Power supplies are supposed to output 100% of their rated value.
80% efficient means a 450W psu might draw 540W from the outlet.
High end power supplies have overload protection built-in, and they will shut off a certain cut off. Medium end power supplies generally don't have as good protection, and of course low end generic knock off have little to none.
If they have these protections they generally advertise it on the package. Low end power supplies can put your system at risk especially when using most of the PSU capacity.
However, there are tricks, if you read the fine print some PSU have statements like you can only get the maximum watts at 70 degree Fahrenheit. Reading the fine print,checking the fine print, and not buying power supplies that are too good to be true. ie 500W PSU for $10, run, run away.
High end supplies will protect against all, but near direct lighting strikes and nothing survives that.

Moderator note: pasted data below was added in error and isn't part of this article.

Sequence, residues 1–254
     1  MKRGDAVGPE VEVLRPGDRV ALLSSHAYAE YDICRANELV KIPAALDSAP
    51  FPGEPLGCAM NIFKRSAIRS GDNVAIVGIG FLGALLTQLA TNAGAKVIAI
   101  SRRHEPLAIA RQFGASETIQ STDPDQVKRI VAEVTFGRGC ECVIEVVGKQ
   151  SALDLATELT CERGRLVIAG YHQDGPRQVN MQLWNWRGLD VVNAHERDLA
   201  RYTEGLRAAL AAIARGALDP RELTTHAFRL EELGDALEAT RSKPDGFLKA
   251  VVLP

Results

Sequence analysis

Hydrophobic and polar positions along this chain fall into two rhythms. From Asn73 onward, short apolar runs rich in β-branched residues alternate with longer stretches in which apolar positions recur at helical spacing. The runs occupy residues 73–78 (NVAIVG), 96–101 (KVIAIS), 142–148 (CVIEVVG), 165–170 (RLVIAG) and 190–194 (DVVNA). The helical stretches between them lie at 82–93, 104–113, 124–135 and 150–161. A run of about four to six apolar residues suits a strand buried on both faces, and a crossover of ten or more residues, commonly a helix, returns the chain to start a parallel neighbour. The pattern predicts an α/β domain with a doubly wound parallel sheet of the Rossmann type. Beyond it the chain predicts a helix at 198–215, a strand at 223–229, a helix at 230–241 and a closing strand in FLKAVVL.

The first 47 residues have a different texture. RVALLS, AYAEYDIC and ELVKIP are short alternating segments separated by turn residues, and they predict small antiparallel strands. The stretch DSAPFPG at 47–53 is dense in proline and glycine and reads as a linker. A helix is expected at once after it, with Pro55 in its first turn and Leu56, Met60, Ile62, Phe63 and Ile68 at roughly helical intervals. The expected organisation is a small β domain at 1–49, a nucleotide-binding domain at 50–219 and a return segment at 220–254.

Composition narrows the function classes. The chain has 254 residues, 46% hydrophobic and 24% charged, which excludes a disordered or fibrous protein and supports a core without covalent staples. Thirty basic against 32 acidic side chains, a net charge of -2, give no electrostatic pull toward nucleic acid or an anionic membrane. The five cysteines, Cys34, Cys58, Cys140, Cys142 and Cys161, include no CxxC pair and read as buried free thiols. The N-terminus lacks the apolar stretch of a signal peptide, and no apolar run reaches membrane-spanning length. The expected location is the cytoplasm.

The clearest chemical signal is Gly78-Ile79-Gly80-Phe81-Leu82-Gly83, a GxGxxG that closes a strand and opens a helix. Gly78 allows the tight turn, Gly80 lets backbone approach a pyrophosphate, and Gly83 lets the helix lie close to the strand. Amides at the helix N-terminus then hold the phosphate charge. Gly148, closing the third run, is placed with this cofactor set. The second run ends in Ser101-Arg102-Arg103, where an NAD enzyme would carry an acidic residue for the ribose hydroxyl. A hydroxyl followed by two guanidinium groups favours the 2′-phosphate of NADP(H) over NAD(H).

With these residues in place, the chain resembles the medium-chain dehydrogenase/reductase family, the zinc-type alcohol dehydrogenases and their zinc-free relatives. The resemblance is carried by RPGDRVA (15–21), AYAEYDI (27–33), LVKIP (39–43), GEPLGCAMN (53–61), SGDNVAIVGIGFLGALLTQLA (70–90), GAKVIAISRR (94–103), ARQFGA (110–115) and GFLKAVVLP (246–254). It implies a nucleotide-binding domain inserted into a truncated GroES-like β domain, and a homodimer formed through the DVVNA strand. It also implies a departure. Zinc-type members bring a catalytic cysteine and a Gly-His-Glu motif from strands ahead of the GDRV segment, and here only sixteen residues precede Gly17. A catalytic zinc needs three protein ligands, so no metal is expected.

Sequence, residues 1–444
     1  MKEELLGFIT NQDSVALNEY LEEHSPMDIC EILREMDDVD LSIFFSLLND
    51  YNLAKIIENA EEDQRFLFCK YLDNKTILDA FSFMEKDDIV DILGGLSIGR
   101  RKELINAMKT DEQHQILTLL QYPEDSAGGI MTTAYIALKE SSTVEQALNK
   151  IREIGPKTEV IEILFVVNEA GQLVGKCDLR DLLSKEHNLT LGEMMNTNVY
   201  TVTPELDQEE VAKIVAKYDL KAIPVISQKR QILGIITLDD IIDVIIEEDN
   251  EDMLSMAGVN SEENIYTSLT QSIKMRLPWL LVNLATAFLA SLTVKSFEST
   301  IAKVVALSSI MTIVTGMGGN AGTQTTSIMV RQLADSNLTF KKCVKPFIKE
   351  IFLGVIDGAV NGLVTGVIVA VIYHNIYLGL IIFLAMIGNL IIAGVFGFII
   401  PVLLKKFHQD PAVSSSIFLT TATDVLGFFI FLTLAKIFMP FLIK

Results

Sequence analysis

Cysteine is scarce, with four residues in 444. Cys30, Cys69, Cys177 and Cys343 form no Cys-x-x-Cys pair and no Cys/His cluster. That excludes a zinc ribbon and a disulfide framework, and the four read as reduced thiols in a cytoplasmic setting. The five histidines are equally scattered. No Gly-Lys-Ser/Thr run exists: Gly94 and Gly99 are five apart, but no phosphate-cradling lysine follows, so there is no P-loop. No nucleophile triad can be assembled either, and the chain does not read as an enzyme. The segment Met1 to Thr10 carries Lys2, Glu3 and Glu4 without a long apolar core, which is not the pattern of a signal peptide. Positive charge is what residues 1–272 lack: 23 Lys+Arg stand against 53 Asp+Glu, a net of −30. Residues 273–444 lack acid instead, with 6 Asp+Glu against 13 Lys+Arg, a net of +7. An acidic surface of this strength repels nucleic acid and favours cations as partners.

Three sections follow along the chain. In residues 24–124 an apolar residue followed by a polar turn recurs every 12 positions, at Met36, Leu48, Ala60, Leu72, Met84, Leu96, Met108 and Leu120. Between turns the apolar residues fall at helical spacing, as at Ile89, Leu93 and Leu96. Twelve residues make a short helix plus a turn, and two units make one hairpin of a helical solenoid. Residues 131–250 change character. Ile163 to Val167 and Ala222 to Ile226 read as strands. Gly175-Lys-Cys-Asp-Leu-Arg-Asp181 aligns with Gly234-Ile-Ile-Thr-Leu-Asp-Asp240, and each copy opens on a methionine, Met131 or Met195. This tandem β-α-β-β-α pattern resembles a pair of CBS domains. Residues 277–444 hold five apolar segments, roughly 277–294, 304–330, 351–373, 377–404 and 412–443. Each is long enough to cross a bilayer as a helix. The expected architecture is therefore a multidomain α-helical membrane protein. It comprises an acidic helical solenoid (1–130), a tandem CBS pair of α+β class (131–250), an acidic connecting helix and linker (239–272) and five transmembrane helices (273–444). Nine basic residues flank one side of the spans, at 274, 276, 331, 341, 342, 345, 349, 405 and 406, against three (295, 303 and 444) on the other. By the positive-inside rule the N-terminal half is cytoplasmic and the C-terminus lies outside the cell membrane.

You need to monitor the voltages on the line, each of the main voltages (3.3V, 5V, and 12V) need to be + or - 5% of their rated values. For example 12V needs to be >11.4V and <12.6V. As long as you stay in these ranges the equipment should be safe, although you should aim for as close to 12V as possible.
The 3.3V and 5V have a combined max of 125W. So you need to take that into consideration when computing your needs.
This ones' channels are supposed to be 100% independent of each other, but you may still have to check the manual to verify this, especially if they are rated for the exact same number of amps/watts.
Here's another gotcha.
Here: The 12V says 12V1 and 12V2 making it look like independent values, but it says "360W max" below spanning both 12V1 and 12V2 indicating they come from a common 12V source.
Also 12V * 18A = 216W and if you have independent 12V1 and 12V2 then the total should be 432W. Instead its limited to 360W: gotcha. The 3.3V and 5V also suffer as the combined max is 17.8W lower the total wattage for 3.3V and 5V added together.
Also note 14 gauge wire is rated for 15A and 12 gauge wire is required for 20A. Each set of wires coming out of the PSU is limited by the wire gauge. If you go over the wire will start over heating, melt (under extreme overload), and eventually short circuit after the insulator melts. The more you go over the worse it is, if your 10-20W over it probably won't melt but the wires will be warm.
Here's a couple good PSU reads.